High among the things American conservatism seeks to conserve is our country’s political inheritance from our founding, an inheritance that makes it possible for us to be a free, prosperous, decent, and self-governing society.
That work is unending and sometimes arduous — because the inheritance is complex and often misunderstood, because the threats to it are many and varied, and because conservation is rarely reducible to resisting change. Our claim is not that the Founders were perfect but that they were wise, and that we need to fit the times to the Constitution more than the other way around.
Constitutional government is betrayed when the public is asked not to consult with experts but to submit to them. Or when courts deny our system’s foundational premise that all men are created equal in their basic rights. Or, as we have recently seen, when a mob seeks to intimidate legislators into forgetting their duties.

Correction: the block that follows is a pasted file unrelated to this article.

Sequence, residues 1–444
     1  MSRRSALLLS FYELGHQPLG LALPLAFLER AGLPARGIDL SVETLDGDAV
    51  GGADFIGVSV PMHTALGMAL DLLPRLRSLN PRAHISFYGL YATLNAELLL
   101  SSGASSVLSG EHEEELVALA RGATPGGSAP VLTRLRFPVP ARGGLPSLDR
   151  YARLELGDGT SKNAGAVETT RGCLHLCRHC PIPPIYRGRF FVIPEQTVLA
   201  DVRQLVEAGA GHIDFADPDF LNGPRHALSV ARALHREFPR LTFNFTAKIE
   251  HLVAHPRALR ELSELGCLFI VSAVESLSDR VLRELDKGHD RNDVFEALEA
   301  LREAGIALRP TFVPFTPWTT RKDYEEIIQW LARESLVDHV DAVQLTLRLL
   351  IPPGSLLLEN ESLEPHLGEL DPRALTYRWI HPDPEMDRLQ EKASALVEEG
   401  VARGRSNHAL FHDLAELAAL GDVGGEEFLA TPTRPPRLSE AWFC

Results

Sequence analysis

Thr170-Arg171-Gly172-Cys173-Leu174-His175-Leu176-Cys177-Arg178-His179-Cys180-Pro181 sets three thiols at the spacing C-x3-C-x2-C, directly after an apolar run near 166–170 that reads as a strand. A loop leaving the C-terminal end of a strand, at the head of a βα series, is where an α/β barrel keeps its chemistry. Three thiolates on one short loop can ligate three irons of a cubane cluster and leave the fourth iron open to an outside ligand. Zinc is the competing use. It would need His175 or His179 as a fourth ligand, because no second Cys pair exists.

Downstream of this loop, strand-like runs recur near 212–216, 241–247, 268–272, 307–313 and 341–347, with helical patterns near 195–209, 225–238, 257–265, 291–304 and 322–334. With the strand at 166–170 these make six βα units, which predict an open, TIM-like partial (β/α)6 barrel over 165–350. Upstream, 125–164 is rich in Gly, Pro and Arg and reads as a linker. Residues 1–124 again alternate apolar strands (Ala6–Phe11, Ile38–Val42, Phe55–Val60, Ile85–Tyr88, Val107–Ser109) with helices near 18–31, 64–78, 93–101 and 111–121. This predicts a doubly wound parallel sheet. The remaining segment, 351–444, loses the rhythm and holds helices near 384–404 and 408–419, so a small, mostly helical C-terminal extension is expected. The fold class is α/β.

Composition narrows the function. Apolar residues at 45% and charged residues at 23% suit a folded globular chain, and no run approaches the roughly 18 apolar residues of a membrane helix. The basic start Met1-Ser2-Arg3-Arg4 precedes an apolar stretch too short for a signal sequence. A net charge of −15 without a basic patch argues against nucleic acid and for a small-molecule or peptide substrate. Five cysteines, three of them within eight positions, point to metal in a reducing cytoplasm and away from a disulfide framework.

Our political debates are often necessarily contentious, but they must remain only metaphorically battles. Different stripes of conservatives can have productive arguments with one another about how to help families flourish, what the proper bounds of government are, and who should lead the Republican Party. But that debate must not partake of conspiratorial fantasies, and lawless violence must never be on the table. We must strive, against all demagogues, to make our reason the master and not the servant of our passions.
The spirit of republican deliberation is already too frail in our times. Our fellow citizens doubt one another’s good intent and capacity for self-government. Even conservatives are tempted to give up the defense of the Constitution, which would leave it friendless and dying. Nothing, at such a moment, can sound more naïve than a call for Americans to rededicate ourselves to our patrimony. Nothing is more essential.